All Mount Barker buses and the Strathalbyn buses connect at the Mount Barker Park 'n' Ride. The facility was opened in July 2008. It has 183 car parks, security lighting, bike storage and a large sheltered waiting area.[44]

In March 2022, the Spanish manufacturer Talgo offered to conduct a trial rail service between Mount Barker and Adelaide.[45] This trial fell through due to an alleged misunderstanding of the distances by Talgo although some commentators are skeptical of that matter.


Mount Barker has three primary schools: the Mount Barker South Primary School, Mount Barker Primary School, and St Marks Primary School, which is a Lutheran school. Both St Francis and Waldorf have a primary school as well as a high school, which share the same campus.

Mount Barker has a public high school, Mount Barker High School. There are three private high schools: Cornerstone College, which is run by the Lutheran Church of Australia, St Francis de Sales College, which is Catholic, and Mount Barker Waldorf School which employs Waldorf Education. All of these schools are co-educational. Overall about 1,500 - 2,000 students, from Mount Barker, as well as many of the surrounding towns, such as Nairne, Littlehampton and Strathalbyn, are serviced by these high schools.

See also


  1. ^ Australian Bureau of Statistics (28 June 2022). "Mount Barker (urban centre and locality)". Australian Census 2021. Edit this at Wikidata
  2. ^ Electoral District of Kavel (Map). Electoral Commission of South Australia. 2022. Retrieved 18 August 2022.
  3. ^ 2016 Census QuickStats: Mount Barker (Urban Centre) Retrieved 12 March 2020.
  4. ^ "Stat Data Explorer - Census 2021". Retrieved 5 December 2022.
  5. ^ District Council of Mount Barker Archived 22 August 2006 at the Wayback Machine "History"
  6. ^ Bach, J. (1966). "Barker, Collet (1784–1831)". Australian Dictionary of Biography. 1. National Centre of Biography, Australian National University, University of Melbourne.
  7. ^ a b "History of Mt Barker, Adelaide Hills On-Line". Adelaide Hills On-Line. Retrieved 1 November 2007.
  8. ^ The Colonist, 28 December 1837, p. 2.
  9. ^ South Australian Gazette and Colonial Register. Adelaide, Saturday 20 January 1838
  10. ^ Recollections of Old Colonists" (RGSA vol 6), "Reminiscences by Pastor Finlayson" pp 48-49
  11. ^ A Chequered Career - Reminiscences of a Pioneer III South Australian Register 28 April 1884 p.7 accessed 7 September 2011
  12. ^ District Council of Mount Barker Archived 22 August 2006 at the Wayback Machine "Aboriginal History of the area"
  13. ^ a b ABS. "POPULATION CHANGE - STATES AND TERRITORIES". Regional Population Growth, Australia, 1996 to 2006 (South Australia). Archived from the original on 1 October 2007. Retrieved 21 August 2007.
  14. ^ Lisa Symonds (21 November 2007). "New Shopping Centre". The Courier.
  15. ^ a b c McGuire, Michael Premier's Promise Back to Haunt Him The Advertiser 9 March 2013. p. 31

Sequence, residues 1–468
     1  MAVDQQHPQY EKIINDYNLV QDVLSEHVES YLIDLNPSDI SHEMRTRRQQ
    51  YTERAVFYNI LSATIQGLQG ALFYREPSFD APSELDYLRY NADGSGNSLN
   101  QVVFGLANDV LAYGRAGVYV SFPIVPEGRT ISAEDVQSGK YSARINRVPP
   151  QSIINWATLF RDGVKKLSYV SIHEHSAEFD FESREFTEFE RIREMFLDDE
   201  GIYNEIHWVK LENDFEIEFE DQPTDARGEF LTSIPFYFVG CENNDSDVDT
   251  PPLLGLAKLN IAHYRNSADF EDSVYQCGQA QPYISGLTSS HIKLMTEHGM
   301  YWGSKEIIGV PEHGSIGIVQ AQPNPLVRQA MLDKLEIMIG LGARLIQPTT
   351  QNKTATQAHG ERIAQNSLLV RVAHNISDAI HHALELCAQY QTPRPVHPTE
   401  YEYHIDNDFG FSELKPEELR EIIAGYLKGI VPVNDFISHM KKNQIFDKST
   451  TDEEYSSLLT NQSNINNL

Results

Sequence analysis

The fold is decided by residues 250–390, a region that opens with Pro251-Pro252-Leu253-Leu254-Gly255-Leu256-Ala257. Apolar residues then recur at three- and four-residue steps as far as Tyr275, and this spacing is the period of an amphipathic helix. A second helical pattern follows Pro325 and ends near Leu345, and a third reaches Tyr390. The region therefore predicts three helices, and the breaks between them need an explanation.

16. ^ Mount Barker urban growth amendment S.A. Government
  17. ^ a b c d Planning SA - Development 580/D027/07
  18. ^ a b c d Planning SA - Development 580/D059/07
  19. ^ a b c d Planning SA - Development 580/D088/06
  20. ^ a b c d Planning SA - Development 580/C089/06
  21. ^ a b c Mt Barker rezoning a bushfire threat The Advertiser 20 August 2010
  22. ^ a b c How developers gagged a frustrated Mt BarkerThe Advertiser 28 February 2012
  23. ^ a b c Mt Barker redevelopment approved by Rann Government The Advertiser 16 December 2010
  24. ^ No more Mt Barkers: RauThe Advertiser 18 August 2011
  25. ^ South Australia Planning Minister John Rau promises to overhaul planning The Advertiser 17 August 2011
  26. ^ "Bald Hills Road Interchange". Department of Planning, Transport and Infrastructure. Archived from the original on 19 August 2016. Retrieved 27 October 2015.
  27. ^ Washington, David. "Media Week: ICAC's Mt Barker verdict". INDaily. Retrieved 26 October 2015.[permanent dead link]
  28. ^ "Mount Barker Council". Retrieved 4 March 2016.
  29. ^ a b "Climate Averages for Mount Barker". Australian Bureau of Meteorology. Retrieved 9 March 2017.
  30. ^ "Mount Barker - climate". Australian Bureau of Meteorology. Retrieved 5 June 2022.
  31. ^ "Mount Barker - extremes to 1957 and rainfall to 1861". Australian Bureau of Meteorology. Retrieved 5 June 2022.
  32. ^ a b c d e "Mount Barker (SA) 2021 Census QuickStats". Australian Bureau of Statistics. Retrieved 9 April 2023.
  33. ^ a b Australian Bureau of Statistics (25 October 2007). "Mount Barker (State Suburb) - SA". 2006 Census QuickStats. Retrieved 28 February 2008.
  34. ^ Business Mount Barker Archived 29 September 2007 at the Wayback Machine "Mount Barker Central Shopping Centre"
  35. ^ "Early Businesses in Mt Barker SA". The town of Mount Barker in South Australia. 6 May 2008. Retrieved 6 June 2009.
  36. ^ "UKARIA Cultural Centre". South Australia. 25 November 2022. Retrieved 10 January 2023.
  37. ^ Adams, Prue (28 May 2020). "As coronavirus shuts down regional news, this 91-year-old Adelaide Hills newspaper editor keeps printing". ABC News. Australian Broadcasting Corporation. Retrieved 1 June 2020.
  38. ^ "Wallis :: Mt Barker". Wallis Cinemas. Retrieved 25 August 2008.
  39. ^ Mount Barker District Golf Club Online
  40. ^ SES Rescue Archived 7 October 2007 at the Wayback Machine "Annual Reports", page 68 (part 4-page 7)
  41. ^ "Bald Hills Road Interchange". Infrastructure SA. Retrieved 23 March 2017.
  42. ^ "Second exit". The Courier. 31 January 2008. Archived from the original on 22 July 2012. Retrieved 25 August 2008.
  43. ^ "Adelaide Metro". 13 December 2011.
  44. ^ "Adelaide Metro".
  45. ^ Lydia Kellner (8 March 2022). "Spanish train manufacturer to seek funding". The Advertiser (Adelaide). Retrieved 9 March 2022. Headline only — paid subscription required